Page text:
By Richard T. Corlett, Richard B. Primack
The 1st version of Tropical Rain Forests: an Ecological and Biogeographical Comparison exploded the parable of ‘the rain woodland’ as a unmarried, uniform entity. in fact, the most important tropical rain woodland areas, in tropical the United States, Africa, Southeast Asia, Madagascar, and New Guinea, have as many alterations as similarities, due to their isolation from one another through the evolution in their floras and faunas. This new version reinforces this message with new examples from fresh and on-going learn.
After an advent to the environments and geological histories of the key rain woodland areas, next chapters specialize in vegetation, primates, carnivores and plant-eaters, birds, fruit bats and gliding animals, and bugs, with an emphasis at the ecological and biogeographical changes among areas. this can be by means of a brand new bankruptcy at the certain tropical rain forests of oceanic islands. the ultimate bankruptcy, which has been thoroughly rewritten, bargains with the affects of individuals on tropical rain forests and discusses attainable conservation concepts that consider the variations highlighted within the earlier chapters. This intriguing and intensely readable e-book, illustrated all through with colour images, may be necessary analyzing for undergraduate scholars in quite a lot of classes in addition to an authoritative reference for graduate ecologists, conservationists, and amateurs.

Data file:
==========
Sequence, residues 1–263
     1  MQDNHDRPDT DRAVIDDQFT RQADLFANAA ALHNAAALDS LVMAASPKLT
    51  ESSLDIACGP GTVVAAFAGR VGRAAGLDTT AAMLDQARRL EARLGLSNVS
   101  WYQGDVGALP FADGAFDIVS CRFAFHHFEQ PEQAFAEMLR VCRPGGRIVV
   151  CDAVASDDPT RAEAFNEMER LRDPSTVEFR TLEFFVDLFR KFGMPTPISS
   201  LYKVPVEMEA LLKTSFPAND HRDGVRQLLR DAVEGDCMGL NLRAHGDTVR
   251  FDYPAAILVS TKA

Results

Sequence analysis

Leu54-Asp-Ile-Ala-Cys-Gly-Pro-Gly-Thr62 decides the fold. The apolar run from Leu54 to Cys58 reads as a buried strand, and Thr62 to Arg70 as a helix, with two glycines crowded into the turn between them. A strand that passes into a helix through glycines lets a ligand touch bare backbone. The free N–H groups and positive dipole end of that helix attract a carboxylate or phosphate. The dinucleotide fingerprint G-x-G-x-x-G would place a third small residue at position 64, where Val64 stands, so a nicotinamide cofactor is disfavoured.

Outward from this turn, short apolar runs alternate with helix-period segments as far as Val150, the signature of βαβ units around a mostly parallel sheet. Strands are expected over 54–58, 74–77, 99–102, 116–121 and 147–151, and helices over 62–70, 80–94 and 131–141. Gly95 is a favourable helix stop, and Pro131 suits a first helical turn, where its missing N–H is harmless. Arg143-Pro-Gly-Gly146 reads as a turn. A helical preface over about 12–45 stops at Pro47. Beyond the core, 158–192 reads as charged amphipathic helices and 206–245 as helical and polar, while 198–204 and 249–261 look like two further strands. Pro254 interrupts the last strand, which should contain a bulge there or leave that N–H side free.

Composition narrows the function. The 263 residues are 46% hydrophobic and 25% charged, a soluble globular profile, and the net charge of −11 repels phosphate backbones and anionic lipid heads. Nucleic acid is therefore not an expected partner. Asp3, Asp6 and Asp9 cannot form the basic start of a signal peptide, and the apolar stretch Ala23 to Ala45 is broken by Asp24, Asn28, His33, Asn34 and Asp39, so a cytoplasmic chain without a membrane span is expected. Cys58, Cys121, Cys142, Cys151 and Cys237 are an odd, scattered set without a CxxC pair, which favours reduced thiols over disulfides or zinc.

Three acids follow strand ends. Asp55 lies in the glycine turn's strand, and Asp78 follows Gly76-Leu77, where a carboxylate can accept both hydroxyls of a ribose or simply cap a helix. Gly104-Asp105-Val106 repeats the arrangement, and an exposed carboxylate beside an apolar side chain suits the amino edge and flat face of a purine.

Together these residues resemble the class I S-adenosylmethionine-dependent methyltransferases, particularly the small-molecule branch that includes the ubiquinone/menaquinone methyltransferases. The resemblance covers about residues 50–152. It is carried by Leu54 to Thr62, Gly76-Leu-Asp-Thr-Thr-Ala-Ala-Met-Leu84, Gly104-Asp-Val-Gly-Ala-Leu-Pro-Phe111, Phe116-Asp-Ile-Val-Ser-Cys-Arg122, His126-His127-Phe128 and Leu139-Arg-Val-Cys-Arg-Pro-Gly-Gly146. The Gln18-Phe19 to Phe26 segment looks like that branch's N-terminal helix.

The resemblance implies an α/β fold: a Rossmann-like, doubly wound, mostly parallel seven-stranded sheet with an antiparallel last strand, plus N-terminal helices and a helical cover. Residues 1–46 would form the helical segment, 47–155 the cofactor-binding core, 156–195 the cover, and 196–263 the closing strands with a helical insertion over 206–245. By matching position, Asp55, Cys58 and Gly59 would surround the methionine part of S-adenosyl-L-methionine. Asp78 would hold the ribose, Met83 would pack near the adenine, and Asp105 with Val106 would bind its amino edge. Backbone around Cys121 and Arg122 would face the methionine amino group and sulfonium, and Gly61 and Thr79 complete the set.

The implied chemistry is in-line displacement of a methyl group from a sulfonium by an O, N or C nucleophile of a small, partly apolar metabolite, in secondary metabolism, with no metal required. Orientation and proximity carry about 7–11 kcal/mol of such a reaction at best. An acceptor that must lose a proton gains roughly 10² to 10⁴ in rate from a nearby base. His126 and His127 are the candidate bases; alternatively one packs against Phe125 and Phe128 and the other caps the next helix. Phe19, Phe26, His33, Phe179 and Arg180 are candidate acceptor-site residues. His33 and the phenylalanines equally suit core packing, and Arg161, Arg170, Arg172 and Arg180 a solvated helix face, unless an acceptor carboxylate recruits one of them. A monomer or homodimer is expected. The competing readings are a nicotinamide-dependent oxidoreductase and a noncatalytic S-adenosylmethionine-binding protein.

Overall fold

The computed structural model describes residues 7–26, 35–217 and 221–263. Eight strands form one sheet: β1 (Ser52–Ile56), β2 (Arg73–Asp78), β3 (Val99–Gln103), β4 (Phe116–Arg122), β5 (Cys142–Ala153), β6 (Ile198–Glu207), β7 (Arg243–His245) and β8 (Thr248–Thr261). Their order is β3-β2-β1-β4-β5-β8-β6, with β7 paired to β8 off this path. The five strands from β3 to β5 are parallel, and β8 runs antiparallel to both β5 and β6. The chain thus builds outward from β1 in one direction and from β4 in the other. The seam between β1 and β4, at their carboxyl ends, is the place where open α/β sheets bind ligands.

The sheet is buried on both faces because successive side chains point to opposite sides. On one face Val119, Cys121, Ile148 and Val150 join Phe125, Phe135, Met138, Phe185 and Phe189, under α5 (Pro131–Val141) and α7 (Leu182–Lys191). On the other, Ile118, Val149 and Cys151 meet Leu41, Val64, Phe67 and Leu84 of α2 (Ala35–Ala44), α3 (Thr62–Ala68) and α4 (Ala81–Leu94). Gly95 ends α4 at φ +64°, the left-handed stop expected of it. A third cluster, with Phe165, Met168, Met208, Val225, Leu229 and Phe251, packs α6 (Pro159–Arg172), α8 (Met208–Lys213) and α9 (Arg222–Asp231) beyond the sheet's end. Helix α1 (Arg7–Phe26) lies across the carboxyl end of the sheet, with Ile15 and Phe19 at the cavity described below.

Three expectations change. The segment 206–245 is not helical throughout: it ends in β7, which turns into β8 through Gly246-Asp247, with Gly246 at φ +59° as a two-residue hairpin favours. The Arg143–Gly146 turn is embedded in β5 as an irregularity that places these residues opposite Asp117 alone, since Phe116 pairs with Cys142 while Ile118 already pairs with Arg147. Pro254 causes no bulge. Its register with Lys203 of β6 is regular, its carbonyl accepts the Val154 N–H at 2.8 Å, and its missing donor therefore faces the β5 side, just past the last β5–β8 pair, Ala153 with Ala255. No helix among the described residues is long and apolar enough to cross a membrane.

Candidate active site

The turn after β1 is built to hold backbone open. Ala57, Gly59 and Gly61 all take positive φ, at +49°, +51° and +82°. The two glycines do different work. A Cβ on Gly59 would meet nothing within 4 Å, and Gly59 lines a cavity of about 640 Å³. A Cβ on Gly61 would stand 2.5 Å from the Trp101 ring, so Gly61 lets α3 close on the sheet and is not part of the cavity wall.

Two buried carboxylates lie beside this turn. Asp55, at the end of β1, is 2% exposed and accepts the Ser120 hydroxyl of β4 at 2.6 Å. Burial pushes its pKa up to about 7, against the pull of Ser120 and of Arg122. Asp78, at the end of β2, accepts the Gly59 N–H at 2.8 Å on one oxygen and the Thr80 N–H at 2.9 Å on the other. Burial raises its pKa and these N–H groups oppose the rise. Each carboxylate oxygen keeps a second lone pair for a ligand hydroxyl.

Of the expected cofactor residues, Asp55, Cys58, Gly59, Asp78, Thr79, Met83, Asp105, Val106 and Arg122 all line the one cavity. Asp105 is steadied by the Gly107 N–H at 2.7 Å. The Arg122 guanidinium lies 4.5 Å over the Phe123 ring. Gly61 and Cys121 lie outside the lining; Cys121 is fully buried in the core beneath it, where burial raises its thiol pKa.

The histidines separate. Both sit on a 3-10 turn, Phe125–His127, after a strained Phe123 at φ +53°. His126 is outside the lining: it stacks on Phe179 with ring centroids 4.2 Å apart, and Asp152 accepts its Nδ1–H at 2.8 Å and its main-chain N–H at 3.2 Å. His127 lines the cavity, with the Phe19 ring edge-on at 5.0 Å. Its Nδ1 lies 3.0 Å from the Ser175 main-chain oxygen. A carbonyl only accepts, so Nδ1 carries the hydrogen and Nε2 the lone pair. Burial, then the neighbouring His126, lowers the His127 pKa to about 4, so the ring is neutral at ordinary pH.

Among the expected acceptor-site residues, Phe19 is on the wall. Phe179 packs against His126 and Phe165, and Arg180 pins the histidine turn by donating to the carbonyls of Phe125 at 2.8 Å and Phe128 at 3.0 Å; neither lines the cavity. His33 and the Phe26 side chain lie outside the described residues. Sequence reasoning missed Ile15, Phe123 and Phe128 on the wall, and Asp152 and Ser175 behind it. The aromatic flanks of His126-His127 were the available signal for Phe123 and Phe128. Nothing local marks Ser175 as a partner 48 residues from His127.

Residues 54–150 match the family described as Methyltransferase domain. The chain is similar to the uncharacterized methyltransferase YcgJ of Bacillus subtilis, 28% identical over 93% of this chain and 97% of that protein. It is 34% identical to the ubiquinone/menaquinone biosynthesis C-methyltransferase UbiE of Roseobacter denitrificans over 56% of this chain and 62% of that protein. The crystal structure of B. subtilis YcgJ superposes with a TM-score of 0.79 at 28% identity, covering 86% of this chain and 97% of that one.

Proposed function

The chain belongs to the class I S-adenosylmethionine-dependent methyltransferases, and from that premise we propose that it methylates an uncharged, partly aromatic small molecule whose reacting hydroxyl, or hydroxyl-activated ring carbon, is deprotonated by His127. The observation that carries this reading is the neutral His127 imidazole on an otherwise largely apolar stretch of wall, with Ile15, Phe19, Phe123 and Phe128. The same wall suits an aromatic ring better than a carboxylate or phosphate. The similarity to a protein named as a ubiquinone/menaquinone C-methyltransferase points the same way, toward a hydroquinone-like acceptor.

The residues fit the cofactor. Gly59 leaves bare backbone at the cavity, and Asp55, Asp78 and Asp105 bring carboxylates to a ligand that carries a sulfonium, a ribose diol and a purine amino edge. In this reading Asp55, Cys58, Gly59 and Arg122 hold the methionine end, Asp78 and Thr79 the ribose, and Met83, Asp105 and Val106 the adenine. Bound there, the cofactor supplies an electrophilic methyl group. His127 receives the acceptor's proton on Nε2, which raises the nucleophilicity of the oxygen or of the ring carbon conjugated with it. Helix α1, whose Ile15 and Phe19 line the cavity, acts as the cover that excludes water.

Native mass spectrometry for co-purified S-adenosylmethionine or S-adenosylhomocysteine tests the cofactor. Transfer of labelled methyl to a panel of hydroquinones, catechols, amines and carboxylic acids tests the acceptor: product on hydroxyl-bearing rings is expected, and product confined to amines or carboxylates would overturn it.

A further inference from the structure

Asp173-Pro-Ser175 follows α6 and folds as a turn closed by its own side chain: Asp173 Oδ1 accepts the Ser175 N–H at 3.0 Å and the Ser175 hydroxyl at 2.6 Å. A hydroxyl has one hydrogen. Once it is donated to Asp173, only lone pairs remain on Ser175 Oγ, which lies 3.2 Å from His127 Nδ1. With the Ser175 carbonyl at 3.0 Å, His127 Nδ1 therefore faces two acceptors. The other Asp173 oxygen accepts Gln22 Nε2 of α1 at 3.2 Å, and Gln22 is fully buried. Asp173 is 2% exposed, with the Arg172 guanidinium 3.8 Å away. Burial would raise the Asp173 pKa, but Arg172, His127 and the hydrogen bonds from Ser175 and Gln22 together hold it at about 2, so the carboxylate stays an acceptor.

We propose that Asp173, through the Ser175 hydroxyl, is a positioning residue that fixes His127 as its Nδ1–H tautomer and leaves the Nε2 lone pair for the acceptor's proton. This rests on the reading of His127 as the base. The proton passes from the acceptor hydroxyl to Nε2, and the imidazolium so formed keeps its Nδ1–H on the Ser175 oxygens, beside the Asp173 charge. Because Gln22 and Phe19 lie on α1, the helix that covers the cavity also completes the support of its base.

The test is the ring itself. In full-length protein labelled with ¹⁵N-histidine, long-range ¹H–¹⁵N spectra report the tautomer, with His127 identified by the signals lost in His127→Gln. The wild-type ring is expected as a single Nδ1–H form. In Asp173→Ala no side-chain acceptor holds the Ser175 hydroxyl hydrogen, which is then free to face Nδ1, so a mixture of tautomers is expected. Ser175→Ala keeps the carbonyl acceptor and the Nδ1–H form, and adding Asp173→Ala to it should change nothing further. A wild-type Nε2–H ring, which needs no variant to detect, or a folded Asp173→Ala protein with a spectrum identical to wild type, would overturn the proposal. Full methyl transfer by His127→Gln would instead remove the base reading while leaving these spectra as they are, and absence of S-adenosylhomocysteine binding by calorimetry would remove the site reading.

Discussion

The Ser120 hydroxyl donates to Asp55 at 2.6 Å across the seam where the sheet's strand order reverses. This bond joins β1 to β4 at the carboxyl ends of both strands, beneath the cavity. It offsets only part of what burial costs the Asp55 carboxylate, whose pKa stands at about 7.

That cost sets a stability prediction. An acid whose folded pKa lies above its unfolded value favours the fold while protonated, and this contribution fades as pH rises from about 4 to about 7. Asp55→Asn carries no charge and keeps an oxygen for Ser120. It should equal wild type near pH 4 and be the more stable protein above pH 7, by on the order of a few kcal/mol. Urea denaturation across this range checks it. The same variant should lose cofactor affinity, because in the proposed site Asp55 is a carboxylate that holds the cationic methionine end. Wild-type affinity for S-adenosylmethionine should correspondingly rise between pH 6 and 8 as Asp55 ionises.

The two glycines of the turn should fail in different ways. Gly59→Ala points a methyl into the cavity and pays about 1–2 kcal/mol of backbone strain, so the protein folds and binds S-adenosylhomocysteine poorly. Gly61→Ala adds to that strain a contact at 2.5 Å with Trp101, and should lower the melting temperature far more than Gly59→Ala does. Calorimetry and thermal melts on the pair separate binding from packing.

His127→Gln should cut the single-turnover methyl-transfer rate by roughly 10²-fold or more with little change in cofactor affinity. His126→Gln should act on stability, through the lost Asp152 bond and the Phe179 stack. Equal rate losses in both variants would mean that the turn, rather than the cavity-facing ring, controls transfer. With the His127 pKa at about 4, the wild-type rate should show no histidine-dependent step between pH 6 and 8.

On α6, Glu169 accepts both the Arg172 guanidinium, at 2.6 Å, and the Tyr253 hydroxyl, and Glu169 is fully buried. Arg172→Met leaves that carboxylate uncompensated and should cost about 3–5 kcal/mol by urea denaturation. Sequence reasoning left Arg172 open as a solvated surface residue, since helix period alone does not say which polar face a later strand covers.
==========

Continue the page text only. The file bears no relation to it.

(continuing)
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Extra resources for Tropical rain forests : an ecological and biogeographical comparison
A survey of a 1 ha plot (100 m × 100 m, somewhat larger than a typical soccer pitch) in the exceptionally diverse rain forest at Cuyabeno, Ecuador, in western Amazonia, found a total of 942 vascular plant species, of which about half were trees and the remainder were divided among shrubs, climbers, ground herbs, and epiphytes (Balslev et al. 1998). Most other studies have only looked at the trees. The largest set of comparable data from around the world concerns the number of trees species more than 10 cm (about 4 inches) in diameter found in a 1 ha plot (ter Steege et al.
Oxford University Press, Oxford. TRFC01 29 25/11/04, 2:16 PM 30 chapter 2 Plants: Building Blocks of the Rain Forest In a book about rain forest communities, it makes sense to cover plants before animals because plants are the foundation of any rain forest community. They provide the structure to the forest through the growth of trees, shrubs, vines, and herbs, as well as epiphytes—nonparasitic plants that grow perched on the branches of trees. The diversity of plants also provides a huge variety of food sources for the animal community that feeds on the flowers, fruits, seeds, leaves, twigs, bark, roots, and other plant parts.
Many members of the family have a milky sap, most notably the para rubber tree, Hevea brasiliensis. Species in the Phyllanthaceae, in contrast, lack latex. The Rubiaceae is a large family with over 7000 species of mostly trees and shrubs. It is often the most diverse tree family in African forests, although it is also diverse and abundant elsewhere. The family is readily recognized by having opposite leaves with stipules (small triangular flaps) between the leaf stalks, and flowers often in dense inflorescences.